Struggling under their slim 52-48 majority, Republicans say this week’s debate — including an all-night blizzard of amendment votes late Thursday known as vote-a-rama — may ultimately lead to a bill that merely ends the mandate that all Americans have insurance or pay a penalty, along with a few other provisions.
“This is likely to be a very long night,” Majority Leader Mitch McConnell said Thursday on the Senate floor as the chamber started the day’s session. He added, “It will not signal the end of our work, not yet.”
The idea, Republicans say, is to get a bill through the Senate and then negotiate a final agreement with the House, which passed a broader Affordable Care Act overhaul, H.R. 1628, in May.
“All we’re looking at is a way to get to that conference quick so we can begin to have those discussions and get a result,” said Sen. John Cornyn of Texas, the No. 2 Republican leader. Republicans are discussing how many elements of the Affordable Care Act they must repeal to get enough support to pass, he said. The House could also choose to pass the stripped-down repeal and send it to President Donald Trump.
“This is a high-wire act,” Cornyn said. “The whole thing.”
Sen. John Thune of South Dakota, the No. 3 Republican leader, said a plan also might eliminate the Affordable Care Act requirement that most employers offer insurance to their workers, as well as a medical-device tax estimated to generate almost $20 billion over a decade.
The behind-the-scenes talks Wednesday contrasted with what was taking place on the Senate floor, where lawmakers were debating whether to replace keye elements of the Affordable Care Act with a broad revision or even try to repeal the whole act outright.
Early votes have underscored the majority party’s difficulty in pushing through a GOP-only bill amid unified Democratic opposition.
The Senate rejected a fuller repeal of Affordable Care Act provisions 45-55 Wednesday. Seven Republicans voted against it, including Senate Health Chairman Lamar Alexander and Sen. John McCain, who returned to Washington from Arizona after a brain-cancer diagnosis to help advance the debate.
Late Tuesday, a 43-57 Senate vote swept aside a revised version of Majority Leader Mitch McConnell’s proposal for replacing key Affordable Care Act provisions, a measure negotiated in secret during weeks of tense GOP talks. Hours earlier, senators barely agreed to start the debate on a 51-50 vote with Vice President Mike Pence casting a tie-breaker after two Republicans defected.
Bigger challenges await on the Senate floor, including the vote-a-rama, a fusillade of votes on dozens if not hundreds of amendments. Democrats may offer poison pills, and other proposals might divide Republican moderates and conservatives.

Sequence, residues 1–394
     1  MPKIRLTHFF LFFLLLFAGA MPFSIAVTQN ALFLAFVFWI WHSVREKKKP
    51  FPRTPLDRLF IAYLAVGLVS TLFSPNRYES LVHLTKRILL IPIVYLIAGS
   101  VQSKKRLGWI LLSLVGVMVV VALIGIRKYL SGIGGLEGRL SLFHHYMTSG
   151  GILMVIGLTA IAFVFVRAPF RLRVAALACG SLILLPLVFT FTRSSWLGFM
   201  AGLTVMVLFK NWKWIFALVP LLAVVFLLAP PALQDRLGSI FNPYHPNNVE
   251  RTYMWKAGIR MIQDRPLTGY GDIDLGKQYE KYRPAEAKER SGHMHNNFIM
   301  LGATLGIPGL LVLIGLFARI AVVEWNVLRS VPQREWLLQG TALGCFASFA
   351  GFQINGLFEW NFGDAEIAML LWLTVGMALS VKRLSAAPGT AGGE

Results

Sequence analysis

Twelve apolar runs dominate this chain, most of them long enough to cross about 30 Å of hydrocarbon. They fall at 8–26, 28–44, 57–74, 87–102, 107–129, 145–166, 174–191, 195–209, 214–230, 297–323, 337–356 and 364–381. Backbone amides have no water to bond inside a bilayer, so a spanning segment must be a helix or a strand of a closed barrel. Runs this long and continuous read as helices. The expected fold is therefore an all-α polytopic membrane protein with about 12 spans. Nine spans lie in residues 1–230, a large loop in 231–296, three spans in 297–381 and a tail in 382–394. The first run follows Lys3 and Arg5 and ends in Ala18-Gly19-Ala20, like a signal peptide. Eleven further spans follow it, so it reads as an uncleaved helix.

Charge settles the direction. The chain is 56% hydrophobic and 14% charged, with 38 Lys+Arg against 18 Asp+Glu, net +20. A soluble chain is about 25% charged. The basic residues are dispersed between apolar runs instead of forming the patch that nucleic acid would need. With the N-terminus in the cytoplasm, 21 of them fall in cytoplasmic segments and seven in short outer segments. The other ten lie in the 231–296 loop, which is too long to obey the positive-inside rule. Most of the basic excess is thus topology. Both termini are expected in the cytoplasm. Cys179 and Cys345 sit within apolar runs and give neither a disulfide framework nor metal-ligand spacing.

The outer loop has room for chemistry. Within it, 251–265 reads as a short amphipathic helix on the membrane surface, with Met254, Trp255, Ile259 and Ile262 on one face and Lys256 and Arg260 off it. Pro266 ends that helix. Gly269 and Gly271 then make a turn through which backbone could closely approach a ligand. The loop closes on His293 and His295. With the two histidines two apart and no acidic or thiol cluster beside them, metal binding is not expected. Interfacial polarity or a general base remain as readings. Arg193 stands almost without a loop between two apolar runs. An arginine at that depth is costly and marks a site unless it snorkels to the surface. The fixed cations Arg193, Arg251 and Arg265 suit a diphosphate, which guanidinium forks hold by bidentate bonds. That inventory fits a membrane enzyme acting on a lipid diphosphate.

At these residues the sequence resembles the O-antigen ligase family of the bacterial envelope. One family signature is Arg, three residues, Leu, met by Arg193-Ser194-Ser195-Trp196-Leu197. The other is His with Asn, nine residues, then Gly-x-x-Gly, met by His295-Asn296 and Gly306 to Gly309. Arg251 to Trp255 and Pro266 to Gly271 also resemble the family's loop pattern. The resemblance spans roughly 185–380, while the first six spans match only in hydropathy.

‘No Such Thing’
Senate Minority Leader Chuck Schumer of New York said that the passage of a “skinny repeal” alternative is a gambit to get Senate and House Republicans together in talks on a broader replacement plan.
“There is no such thing as ‘skinny’ repeal,” Schumer said Wednesday on the Senate floor. “It’s a ruse to get to full repeal, with all the concomitant cuts to Medicaid and tax breaks, which are so unpopular and which so many of my Republican colleagues here on the other side have opposed.”
Senate Republican leaders haven’t released a text of a “skinny bill,” even to members of their own party.
Schumer’s office, however, put out a Congressional Budget Office estimate of a bill that mirrors Republicans’ description of such a measure — one that would eliminate the individual and employer mandates, as well as repeal the medical device tax and defund Planned Parenthood. The CBO said such a measure would result in 16 million Americans losing their insurance, compared to the 22 million more envisioned under the most recent version of McConnell’s replacement bill.
Schumer said Wednesday night that Democrats won’t offer amendments until they see Republicans’ final proposal.
The Senate plans to vote Thursday afternoon on a “Medicare for all” amendment proposed by Republicans — with the goal of putting embarrassing Democrats by demonstrating whether they will vote for a single-payer plan the party has long supported in the debate over health care. “We’ll find out what support it enjoys,” McConnell said.
It’s not certain the splintered Republican caucus would agree to back a pared-back Obamacare repeal. Sen. Shelley Moore Capito of West Virginia said she’s “unsure” if she can support such a bill.
Sen. Lindsey Graham, a South Carolina Republican, said he won’t support it unless he’s assured his proposal for a broad Obamacare alternative can be considered in House-Senate conference negotiations.
“I’ve told our leadership that I wouldn’t vote for the skinny bill believing that would be the only thing we do, because that would be a complete abdication of what we’re trying to do,” Graham said.
— Read Trump Calls on GOP to ‘Repeal Obamacare’ Amid Uncertainty on Votes on ThinkAdvisor